There are few scarier ways to begin a scouting report than “fascinating”. It’s a one-word way of getting out of straight up saying “I like him, but…”, and tends to get attached to players who are a piece or two from truly realizing their potential. Players that you want to believe will find those pieces, but you can’t sell yourself convincingly that they’ll get there.

Andrew Nielsen is a fascinating prospect.

Age 20 (November 13, 1996) Birthplace Red Deer, Alberta
Pos Defence (LH) Drafted 2015 (Rd 3, Pick 65)
Vitals 6’3, 207lbs Acquired Via Draft

His story also counts as fascinating, though less in the codeword sense and more in actual curiosity. It took Nielsen until his Draft -1 year to even make it to AAA, partially because he wasn’t taking his own odds overly seriously and as such, didn’t condition himself to make the jump.

Once he began to take things seriously, though, it all came together quickly for him. A solid season in AAA led to a shot with the Lethbridge Hurricanes, and a rookie season where he finished second among Lethbridge defencemen and 23rd among U19 WHL defencemen in points led many teams to think he was worth a chance.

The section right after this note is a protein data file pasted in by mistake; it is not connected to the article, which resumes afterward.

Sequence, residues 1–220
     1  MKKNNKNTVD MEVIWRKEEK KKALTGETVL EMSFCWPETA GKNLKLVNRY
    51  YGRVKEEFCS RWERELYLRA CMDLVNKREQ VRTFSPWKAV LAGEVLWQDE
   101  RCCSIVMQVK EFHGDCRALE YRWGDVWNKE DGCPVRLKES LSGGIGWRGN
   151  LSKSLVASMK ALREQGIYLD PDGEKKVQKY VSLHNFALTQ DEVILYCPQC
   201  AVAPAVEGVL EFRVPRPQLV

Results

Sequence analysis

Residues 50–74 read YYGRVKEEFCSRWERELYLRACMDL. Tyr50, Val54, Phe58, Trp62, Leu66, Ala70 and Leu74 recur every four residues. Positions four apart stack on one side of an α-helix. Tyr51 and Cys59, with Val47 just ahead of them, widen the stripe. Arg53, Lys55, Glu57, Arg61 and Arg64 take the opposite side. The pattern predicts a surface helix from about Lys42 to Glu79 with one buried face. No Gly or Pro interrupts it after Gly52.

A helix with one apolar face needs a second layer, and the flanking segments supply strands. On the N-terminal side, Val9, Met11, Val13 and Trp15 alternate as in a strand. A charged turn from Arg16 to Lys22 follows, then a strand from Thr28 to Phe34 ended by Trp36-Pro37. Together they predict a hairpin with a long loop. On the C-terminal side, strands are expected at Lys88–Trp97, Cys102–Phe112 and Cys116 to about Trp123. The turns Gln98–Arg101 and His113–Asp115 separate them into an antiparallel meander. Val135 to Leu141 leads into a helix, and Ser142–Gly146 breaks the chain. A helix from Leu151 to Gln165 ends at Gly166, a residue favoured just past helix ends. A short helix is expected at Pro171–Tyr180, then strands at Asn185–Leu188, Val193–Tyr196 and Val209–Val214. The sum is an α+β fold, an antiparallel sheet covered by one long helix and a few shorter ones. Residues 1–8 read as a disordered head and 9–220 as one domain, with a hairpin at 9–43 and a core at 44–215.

The Leafs took it in the third round and were quickly rewarded for it. In his next year, Nielsen scored at nearly a point per game pace, finishing second in U20 point totals and 4th among all WHL defencemen in even strength points per game.

 AGE SEASON TEAM LEAGUE GP G A TP NHLe PIM
16  2012-13  Red Deer Elks Midget AA  SCAHL 34 8 17 25 124
17  2013-14  Red Deer Chiefs Midget AAA  AMHL 35 3 15 18 34
18  2014-15  Lethbridge Hurricanes  WHL 59 7 17 24 9.7 101
19  2015-16  Lethbridge Hurricanes  WHL 71 18 52 70 23.4 122
19  Toronto Marlies  AHL 5 0 2 2 15.4 0